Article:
The letter “I” represent an “Invalid” state, which means a copy of a line of data stored in a cache is not available. The line of data may be invalidated in response to, for instance, another copy of the line of data having been modified in another cache.

The letter “E” represents an “Exclusive” state, which means a copy of a line of data stored in a cache is up-to-date and no other caches have a valid copy of the line of data. In other words, the line of data has not been modified since the copy of the line of data was cached and any other copy of the line of data that may be stored in other caches has been invalidated.

The letter “O” represents an “Owned” state, which typically means a copy of a line of data stored in a cache is not stored in any other caches and a caching agent associated with the cache will service access requests for the line of data from other caching agents. However, depending on implementation, another caching agent could potentially have another copy of the same line of data in a shared state.

Currently, systems with resources shared by multiple caching agents are designed in such a way that every line of data provided from a shared resource to a caching agent is assigned the same initial coherency state for a particular type of request (e.g., read access requests). For instance, a memory controller will be designed such that it always provides a line of data to a caching agent in the same coherency state when a read access request is received. As a result, each line of data loaded into the cache of the caching agent will always be set to the same initial coherency state.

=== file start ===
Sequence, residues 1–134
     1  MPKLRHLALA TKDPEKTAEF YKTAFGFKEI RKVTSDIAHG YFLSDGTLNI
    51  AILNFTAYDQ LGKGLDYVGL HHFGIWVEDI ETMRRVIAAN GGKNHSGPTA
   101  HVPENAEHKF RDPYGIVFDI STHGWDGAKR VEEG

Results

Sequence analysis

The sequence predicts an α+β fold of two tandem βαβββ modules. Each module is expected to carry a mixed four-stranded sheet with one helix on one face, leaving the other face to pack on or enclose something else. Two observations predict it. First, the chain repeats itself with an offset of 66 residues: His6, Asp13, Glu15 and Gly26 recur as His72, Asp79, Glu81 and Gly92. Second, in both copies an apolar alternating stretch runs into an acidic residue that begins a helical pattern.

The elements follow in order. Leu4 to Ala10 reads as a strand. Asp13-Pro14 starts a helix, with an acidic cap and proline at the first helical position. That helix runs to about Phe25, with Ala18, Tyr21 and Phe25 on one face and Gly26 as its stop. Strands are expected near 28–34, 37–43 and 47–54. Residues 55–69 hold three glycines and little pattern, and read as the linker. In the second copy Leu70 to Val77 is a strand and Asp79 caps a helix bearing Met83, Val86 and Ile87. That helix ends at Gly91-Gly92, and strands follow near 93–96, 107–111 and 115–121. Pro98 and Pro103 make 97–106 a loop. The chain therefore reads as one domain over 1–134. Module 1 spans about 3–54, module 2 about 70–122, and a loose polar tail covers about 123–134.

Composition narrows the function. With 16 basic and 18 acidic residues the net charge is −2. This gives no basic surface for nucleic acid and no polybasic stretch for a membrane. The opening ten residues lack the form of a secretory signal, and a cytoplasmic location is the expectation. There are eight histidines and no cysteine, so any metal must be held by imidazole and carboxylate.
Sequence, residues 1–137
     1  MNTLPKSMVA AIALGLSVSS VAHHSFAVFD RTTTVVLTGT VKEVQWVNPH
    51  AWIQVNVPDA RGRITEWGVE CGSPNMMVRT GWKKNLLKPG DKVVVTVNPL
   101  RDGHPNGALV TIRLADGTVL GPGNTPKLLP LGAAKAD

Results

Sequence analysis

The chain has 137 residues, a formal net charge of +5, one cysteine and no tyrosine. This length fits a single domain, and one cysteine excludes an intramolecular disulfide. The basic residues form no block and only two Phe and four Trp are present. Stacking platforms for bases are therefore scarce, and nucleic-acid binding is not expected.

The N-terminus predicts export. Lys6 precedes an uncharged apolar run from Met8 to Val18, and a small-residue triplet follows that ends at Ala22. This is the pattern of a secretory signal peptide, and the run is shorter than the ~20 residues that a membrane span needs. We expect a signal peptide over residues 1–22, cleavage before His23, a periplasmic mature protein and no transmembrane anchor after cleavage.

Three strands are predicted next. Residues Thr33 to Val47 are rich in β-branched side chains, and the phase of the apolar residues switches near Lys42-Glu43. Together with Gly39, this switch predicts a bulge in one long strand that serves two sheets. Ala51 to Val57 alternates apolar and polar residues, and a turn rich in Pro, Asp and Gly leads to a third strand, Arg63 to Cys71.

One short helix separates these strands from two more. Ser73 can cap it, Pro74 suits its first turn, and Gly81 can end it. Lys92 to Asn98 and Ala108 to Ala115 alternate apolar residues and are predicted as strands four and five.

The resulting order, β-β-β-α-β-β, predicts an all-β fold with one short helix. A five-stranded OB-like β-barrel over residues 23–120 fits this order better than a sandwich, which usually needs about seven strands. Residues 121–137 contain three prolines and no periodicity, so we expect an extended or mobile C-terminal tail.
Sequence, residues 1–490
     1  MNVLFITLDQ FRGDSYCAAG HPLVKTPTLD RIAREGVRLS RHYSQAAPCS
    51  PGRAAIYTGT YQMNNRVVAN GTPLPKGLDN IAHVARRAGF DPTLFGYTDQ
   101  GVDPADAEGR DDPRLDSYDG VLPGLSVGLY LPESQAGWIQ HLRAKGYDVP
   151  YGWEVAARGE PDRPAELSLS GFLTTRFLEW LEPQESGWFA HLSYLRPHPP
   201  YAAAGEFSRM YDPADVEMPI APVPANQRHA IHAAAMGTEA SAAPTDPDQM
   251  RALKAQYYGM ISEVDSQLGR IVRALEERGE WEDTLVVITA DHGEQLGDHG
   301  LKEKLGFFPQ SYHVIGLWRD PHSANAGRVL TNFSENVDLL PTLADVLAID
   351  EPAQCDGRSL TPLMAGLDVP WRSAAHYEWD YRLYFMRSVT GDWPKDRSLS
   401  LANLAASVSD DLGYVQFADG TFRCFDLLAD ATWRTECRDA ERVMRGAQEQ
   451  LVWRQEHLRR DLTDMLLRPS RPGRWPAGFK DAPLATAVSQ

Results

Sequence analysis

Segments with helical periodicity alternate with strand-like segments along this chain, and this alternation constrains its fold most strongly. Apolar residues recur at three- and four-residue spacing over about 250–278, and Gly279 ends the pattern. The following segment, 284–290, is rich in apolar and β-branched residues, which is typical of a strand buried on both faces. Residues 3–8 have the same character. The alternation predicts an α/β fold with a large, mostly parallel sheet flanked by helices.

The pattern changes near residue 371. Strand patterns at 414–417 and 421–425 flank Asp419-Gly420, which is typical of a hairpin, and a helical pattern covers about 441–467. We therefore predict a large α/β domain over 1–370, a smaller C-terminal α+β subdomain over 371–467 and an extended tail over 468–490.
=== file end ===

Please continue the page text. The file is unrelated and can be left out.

The policy of assigning the same initial coherency state to every line of data provided to a caching agent when a specific type of request is received is typically integrated into the hardware design (e.g., hard-coded into memory controller logic) and cannot be changed. Assigning the same initial coherency state to every line of data for a particular type of request can negatively affect system performance because the same initial coherency state may not be suitable for all situations.

For instance, suppose a system is designed such that a “Shared” state is assigned as the initial coherency state for every line of data provided to a caching agent in response to a read access request. In other words, every new line of data loaded into a cache is set to a “Shared” state for read access requests. This type of policy works well if lines of data loaded into a cache are not likely to be modified because read access requests for the lines of data in the cache will not require changing the coherency state of those lines in the cache.

However, if lines of data loaded into a cache are likely to be modified, then the policy may not work so well because write access requests (e.g., modifications) will require changing the coherency state of those lines in the cache. Changing the coherency state of a line of data in a cache involves issuing requests, which adds to overhead, increases latency, and impacts overall system performance.